Ladder safety

Ladder safety: Climb safely

Almost every homeowner or business has a ladder in the garage or tool shed and uses it regularly. Unfortunately, many do not use it correctly.

According to the Bureau of Labor Statistics (BLS), in 2020 (the latest year for which these numbers are available), nearly 23,000 accidents and 160 deaths were attributable to ladder misuse. If you want to keep yourself or your employees from becoming statistics in the next BLS report, there are a few simple rules you should follow to keep everyone safe.

Pick the right ladder

All ladders are not created equal, and that means you need to be sure you’re using the right type for the job. First check its duty rating, a measure of how much weight a ladder will support when in use. The duty rating should handle your weight, plus the weight of the clothing you’re wearing, plus equipment, tools, parts, or supplies you will take with you up the ladder.

ladder duty ratings

Then make sure you’re using the right style of ladder. These are some of the most common types:

Fixed or straight ladders are the most basic type. They have a fixed length and are not self-supporting, which means they must be leaned against a structure.

Extension ladders, like fixed ladders, are not self-supporting. They can be made taller, however, using a sliding section that extends from the base and then can be locked in place.

Stepladders are the type most people are familiar with. These self-supporting ladders are hinged at the top, are available in several heights, and often have a fold-out platform that will hold paint cans or tools while the user works aloft. Stepladders also generally feature hinged spreaders on either side, for added stability. They most often have flattened steps rather than the cylindrical rungs that are common in other ladder types.

Step stools are shorter than stepladders, and are also self-supporting. These have one or more steps that fold away beneath the seat when not in use.

Combination or multipurpose ladders can be used as fixed, extension, or stepladders. They may also be used as a trestle framework or set up in a stairwell. This type of ladder can be designed with either steps or rungs. The inclusion of a pail shelf is optional. When steps are present, the ladder should be erected so its step surfaces are horizontal. Either spreaders or a locking device can be used to securely hold the front and rear sections in the open position.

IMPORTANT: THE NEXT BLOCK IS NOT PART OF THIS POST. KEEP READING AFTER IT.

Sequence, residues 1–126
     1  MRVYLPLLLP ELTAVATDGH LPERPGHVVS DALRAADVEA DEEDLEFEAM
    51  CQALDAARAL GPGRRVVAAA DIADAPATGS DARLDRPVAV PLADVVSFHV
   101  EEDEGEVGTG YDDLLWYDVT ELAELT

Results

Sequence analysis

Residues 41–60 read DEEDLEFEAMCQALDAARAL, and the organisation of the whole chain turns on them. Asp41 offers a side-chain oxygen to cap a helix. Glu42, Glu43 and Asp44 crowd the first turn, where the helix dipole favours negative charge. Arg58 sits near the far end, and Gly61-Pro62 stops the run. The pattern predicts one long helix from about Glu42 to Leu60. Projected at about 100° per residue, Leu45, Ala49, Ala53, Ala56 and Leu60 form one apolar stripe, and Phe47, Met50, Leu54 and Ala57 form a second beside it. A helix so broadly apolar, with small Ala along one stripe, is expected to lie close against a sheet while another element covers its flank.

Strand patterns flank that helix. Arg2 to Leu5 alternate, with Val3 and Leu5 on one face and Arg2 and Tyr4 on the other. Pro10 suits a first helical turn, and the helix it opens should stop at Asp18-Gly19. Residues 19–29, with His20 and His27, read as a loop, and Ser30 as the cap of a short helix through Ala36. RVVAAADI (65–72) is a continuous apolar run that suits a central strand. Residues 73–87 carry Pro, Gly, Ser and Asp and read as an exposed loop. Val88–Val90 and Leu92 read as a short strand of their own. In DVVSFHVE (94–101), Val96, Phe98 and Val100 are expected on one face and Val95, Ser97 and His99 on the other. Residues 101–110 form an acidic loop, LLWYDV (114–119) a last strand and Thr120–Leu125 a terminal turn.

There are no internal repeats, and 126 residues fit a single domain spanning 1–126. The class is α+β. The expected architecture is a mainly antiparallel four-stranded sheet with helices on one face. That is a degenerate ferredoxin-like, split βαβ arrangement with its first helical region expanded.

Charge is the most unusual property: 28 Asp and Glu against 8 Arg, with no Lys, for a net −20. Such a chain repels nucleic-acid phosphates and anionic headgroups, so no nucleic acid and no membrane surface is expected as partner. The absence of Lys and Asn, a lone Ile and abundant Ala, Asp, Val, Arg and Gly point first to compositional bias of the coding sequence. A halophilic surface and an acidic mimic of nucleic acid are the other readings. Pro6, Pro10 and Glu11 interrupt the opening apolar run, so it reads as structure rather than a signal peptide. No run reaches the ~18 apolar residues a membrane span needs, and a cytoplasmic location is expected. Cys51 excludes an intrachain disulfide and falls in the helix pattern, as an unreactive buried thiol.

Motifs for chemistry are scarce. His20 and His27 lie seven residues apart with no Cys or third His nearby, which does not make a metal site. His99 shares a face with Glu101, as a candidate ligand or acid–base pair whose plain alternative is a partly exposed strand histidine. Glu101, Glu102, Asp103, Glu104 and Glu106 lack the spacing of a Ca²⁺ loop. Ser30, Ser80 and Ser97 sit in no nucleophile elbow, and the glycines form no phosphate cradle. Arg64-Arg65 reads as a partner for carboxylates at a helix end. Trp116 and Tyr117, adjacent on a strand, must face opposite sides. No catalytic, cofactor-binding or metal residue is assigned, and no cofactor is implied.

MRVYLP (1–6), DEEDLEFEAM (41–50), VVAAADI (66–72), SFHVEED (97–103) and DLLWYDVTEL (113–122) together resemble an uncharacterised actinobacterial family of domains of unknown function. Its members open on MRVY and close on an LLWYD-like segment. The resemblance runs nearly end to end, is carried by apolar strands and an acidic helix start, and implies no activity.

Ladder basics

Once you’ve settled on the right ladder for the right job and you’ve confirmed it can handle the load you anticipate, there are a few safety rules you need to follow.

  • Be sure your ladder is on firm, level ground.
  • If you’re using a ladder that is not self-supporting (e.g., fixed or extension), position it using the 1:4 rule: for every 4 yards of height, the base should be at least 1 yard away from the structure you’re erecting the ladder against.
  • One person on the ladder at a time.
  • Always face the ladder.
  • When using a ladder, don’t risk destabilizing it or losing your balance by leaning or reaching away from it.
  • Don’t erect a ladder in front of a door or window that can open toward it. If you need to use a ladder in a location like this, then prop the door open, make sure it’s locked, or post a lookout.
  • Avoid power lines!
  • Wear sturdy shoes with slip-resistant soles.
  • If you need to work outside, choose a different day if it’s windy or stormy.
  • Stay off the ladder’s top rung, or, if you’re using an extension ladder, the top three rungs. In fact, you should never climb so high that you can’t grab the ladder’s structure to steady yourself. If you need to climb higher, get a taller ladder.
  • Whether ascending, descending, or staying stationary, always keep three points of contact with the ladder — both feet and one hand, or both hands and one foot. Be sure your footing and your grip are firm.
  • Make sure your ladders are well-maintained. Like any other tool, ladders need to be stored properly, inspected frequently, and retired when they’re no longer in decent shape. In fact, when a ladder has reached the end of its usefulness, it should be dismantled or destroyed to make sure no one uses it.


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The information included here was obtained from sources believed to be reliable, however Grinnell Mutual Reinsurance Company and its employees make no guarantee of results and assume no liability in connection with any training, materials, suggestions, or information provided. It is the user’s responsibility to confirm compliance with any applicable local, state, or federal regulations. Information obtained from or via Grinnell Mutual Reinsurance Company should not be used as the basis for legal advice and should be confirmed with alternative sources.